The Islamic art collection: 436 items
The Chinese collection : 1,028 items
The Japanese Collection:1,574 items
The Southeast Asian Collection: 285 items
The Mariangela Fardella and Giorgio Azzaroli collection of Asmat art: 26 items
The ethnographic collection of musical instruments: 295 items
The collection of hats and fans: 92 items
The second group of sculptures and masks comes from Sub-Saharan Africa.
In addition, part of the collections belong to the well-known scholar Ezio Bassani, the physician Alessandro Passaré and Franco Monti.
Lastly, the collection includes masks and ceremonial sculptures in addition to a sizeable number of utensils and other objects (such as carved wooden doors and locks from Mali) and several small clay statues from the ninth up to the sixteenth centuries. Overall, this collection offers an introduction to the material production of West and Central Africa.
Guinea, Baga People, 20th century, wood, metal tacks. Nimba, ritual mask for shoulders. This particular mask, which represents the mother, shows the parallel between the fertility of women and fields. His performances propitiate the birth and the rains, the growth of children and rice.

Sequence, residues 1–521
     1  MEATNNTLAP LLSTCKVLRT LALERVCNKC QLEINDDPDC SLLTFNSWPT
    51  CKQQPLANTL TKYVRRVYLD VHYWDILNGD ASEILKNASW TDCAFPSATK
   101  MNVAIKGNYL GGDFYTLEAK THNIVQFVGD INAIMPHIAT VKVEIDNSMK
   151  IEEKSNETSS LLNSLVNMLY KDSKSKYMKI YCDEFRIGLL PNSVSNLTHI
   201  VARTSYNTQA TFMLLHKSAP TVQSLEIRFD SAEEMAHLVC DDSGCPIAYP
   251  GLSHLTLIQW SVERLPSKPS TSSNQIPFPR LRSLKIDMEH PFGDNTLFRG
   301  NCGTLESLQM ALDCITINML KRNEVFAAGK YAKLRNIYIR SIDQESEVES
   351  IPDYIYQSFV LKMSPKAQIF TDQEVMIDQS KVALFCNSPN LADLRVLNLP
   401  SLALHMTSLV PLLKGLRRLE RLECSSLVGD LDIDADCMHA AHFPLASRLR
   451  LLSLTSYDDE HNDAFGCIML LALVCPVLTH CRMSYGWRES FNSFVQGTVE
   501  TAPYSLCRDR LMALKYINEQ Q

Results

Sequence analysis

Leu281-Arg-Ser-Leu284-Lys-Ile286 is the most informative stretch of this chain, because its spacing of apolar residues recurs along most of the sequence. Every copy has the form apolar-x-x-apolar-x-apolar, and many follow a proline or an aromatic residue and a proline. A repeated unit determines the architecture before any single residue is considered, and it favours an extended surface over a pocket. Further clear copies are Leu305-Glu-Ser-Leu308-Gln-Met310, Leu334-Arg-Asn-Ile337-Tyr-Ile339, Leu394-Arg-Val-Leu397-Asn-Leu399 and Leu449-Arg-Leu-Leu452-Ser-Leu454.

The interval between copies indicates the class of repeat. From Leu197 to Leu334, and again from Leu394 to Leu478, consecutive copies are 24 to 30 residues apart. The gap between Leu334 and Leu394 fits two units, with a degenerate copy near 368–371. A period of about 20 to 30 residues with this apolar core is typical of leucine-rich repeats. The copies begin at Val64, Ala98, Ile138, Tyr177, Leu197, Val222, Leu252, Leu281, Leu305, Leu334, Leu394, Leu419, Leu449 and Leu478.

Congo, Bakongo People, 20th century, wood, mirror, resin. The reliquary statuette shows a full and realistic face typical of the Bakongo style. The arms, rest on the chest, hold up a reliquary closed by a glass that covers the whole surface of the body. Inside the “medicine” is conserved.
Chinese production, Tang dynasty, 618-906 A.D., glazed terracotta. Bixie, horned sphinx, is a particular "Spirit of the Earth": a guardian of the tombs during the Tang era. Its name literally means "one who drives away harmful influences".